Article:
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What is a Surety Bond?

Updated: Feb 7

If you’re a contractor looking to understand the basics of surety bonding, this article is for you!

While there are many industries that can require surety bonds, this surety bond overview is geared toward construction companies. Ready? Let’s begin.

So, what is a surety bond? The simplest definition is that surety bonds protect buyers from individuals or companies who don’t fulfill their contractual obligations.

Now, let’s look at the more technical definition of a surety bond. A surety bond is a three-part guarantee between the obligee (the entity paying for the work and who requires the bond), the principal (the person or company performing the work and who must obtain the bond), and the surety (the insurance company backing the surety bond).

What is a surety bond graphic
What is a Surety Bond?

For example, a developer (obligee) is building a new $15 million dollar mid-rise apartment building in Milwaukee, WI, and requires the general contractor (principal) to obtain a $15 million dollar surety bond before signing the contract. The surety bond guarantees that the contractor will faithfully perform the work in the contract. If they don’t, the obligee can file a claim with the surety and be compensated for up to the full $15 million of the bond amount.

Is a Surety Bond the same as Insurance?

Surety bonds are not the same thing as insurance. They’re actually a lot more similar to obtaining a line of credit from a bank.

For example, if the bonded principal (contractor) did work that was not up to code and put the entire project at risk, the obligee (the owner/entity paying for the project) can file a claim with the surety against the principal for not fulfilling their contractual obligations.

The surety would then pay the obligee the amount the surety bond stipulated, and the principal would have to pay the surety back the money they paid out to the obligee.

The principal is always 100% liable to repay the surety company for any claims the surety pays out to the obligee.

Why are Surety Bonds Required?

Surety bonds protect project owners from contractors who don’t do the work according to the contract they signed. ​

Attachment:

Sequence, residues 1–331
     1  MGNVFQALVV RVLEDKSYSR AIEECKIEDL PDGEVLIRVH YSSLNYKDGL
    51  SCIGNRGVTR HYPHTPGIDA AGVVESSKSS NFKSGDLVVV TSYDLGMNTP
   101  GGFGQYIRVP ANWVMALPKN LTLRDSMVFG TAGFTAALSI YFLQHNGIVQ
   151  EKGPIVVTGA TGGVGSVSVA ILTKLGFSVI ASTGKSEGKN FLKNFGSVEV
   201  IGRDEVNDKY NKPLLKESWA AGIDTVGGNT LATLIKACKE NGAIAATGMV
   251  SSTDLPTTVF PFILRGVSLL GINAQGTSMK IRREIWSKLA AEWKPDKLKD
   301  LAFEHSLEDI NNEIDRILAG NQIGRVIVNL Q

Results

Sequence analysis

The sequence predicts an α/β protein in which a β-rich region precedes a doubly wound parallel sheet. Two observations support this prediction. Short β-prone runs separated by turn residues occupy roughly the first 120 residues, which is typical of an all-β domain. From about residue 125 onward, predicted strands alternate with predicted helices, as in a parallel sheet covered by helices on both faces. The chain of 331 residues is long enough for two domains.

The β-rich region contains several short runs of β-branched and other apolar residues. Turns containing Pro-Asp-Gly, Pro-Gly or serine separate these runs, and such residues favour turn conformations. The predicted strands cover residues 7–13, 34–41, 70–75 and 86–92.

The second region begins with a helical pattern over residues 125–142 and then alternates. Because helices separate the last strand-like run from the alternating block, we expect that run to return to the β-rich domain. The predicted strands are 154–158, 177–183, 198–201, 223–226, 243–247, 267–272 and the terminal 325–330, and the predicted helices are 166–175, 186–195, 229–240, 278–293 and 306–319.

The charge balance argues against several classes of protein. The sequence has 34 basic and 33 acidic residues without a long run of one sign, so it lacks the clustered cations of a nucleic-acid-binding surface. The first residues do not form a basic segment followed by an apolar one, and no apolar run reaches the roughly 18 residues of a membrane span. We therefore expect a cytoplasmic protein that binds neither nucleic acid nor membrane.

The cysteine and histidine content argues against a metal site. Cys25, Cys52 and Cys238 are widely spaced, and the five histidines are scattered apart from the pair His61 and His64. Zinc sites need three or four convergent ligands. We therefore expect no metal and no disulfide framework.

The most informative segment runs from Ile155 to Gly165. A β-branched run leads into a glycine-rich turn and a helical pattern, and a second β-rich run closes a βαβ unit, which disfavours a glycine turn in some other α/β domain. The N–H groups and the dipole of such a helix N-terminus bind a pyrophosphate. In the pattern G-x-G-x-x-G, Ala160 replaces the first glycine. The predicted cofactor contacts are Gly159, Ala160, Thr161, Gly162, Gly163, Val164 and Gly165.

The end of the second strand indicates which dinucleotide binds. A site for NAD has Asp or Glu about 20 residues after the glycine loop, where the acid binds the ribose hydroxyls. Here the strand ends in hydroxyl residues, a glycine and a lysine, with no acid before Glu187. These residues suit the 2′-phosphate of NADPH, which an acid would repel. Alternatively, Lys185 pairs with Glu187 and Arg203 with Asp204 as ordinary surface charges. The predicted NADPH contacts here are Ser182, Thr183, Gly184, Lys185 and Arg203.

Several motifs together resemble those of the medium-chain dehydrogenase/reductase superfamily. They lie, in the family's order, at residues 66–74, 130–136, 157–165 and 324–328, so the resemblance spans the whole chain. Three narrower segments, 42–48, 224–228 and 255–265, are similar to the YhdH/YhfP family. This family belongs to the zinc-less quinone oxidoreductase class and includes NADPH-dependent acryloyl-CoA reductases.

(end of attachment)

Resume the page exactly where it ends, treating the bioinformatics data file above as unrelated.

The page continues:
For example, let’s say a general contractor (the principal) was awarded a $4.5 million dollar elementary school addition project for the City of Phoenix (the obligee). Before signing the contract, the principal would be required to obtain a $4.5 Million dollar surety bond. That way, if the principal was failing to complete the project according to the contract, the obligee can file a claim with the surety who will step in and ensure that the principal completes the project satisfactorily. If the principal fails to complete the full project, they are liable to forfeit the entire $4.5 million dollar bond to the obligee as recompense.

The surety company is there to make sure that the project is finished. Their goal is to enforce that the project gets done and that the subs and suppliers get paid.

When it comes to government projects (roads, schools, military defense, etc.) surety bonds make sure that tax-funded dollars aren’t being wasted on bad contractors who don’t fulfill their contractual obligations. The surety company's role is to ensure that the work is performed and the project is completed on time. In the event that does not happen, the surety bond guarantees the contractor is liable to pay back the entire amount of the bond.

Do I need a Surety Bond?

Virtually all contractors who bid on government projects will need to be bonded.

All federal government projects valued over $150,000 require that contractors are bonded in order to be awarded the contract and most state and local governments have similar requirements.

Private owners can also require that contractors obtain a bond before they will award the contract.

What are the Different kinds of Surety Bonds?

In the construction world, the 4 most common types of surety bonds are:

  1. Bid Bonds

  2. Payment and Performance Bonds

  3. Warranty (or Maintenance) Bonds

  4. License and Permit Bonds

Let’s dig a little deeper into each of these, shall we?

Bid Bonds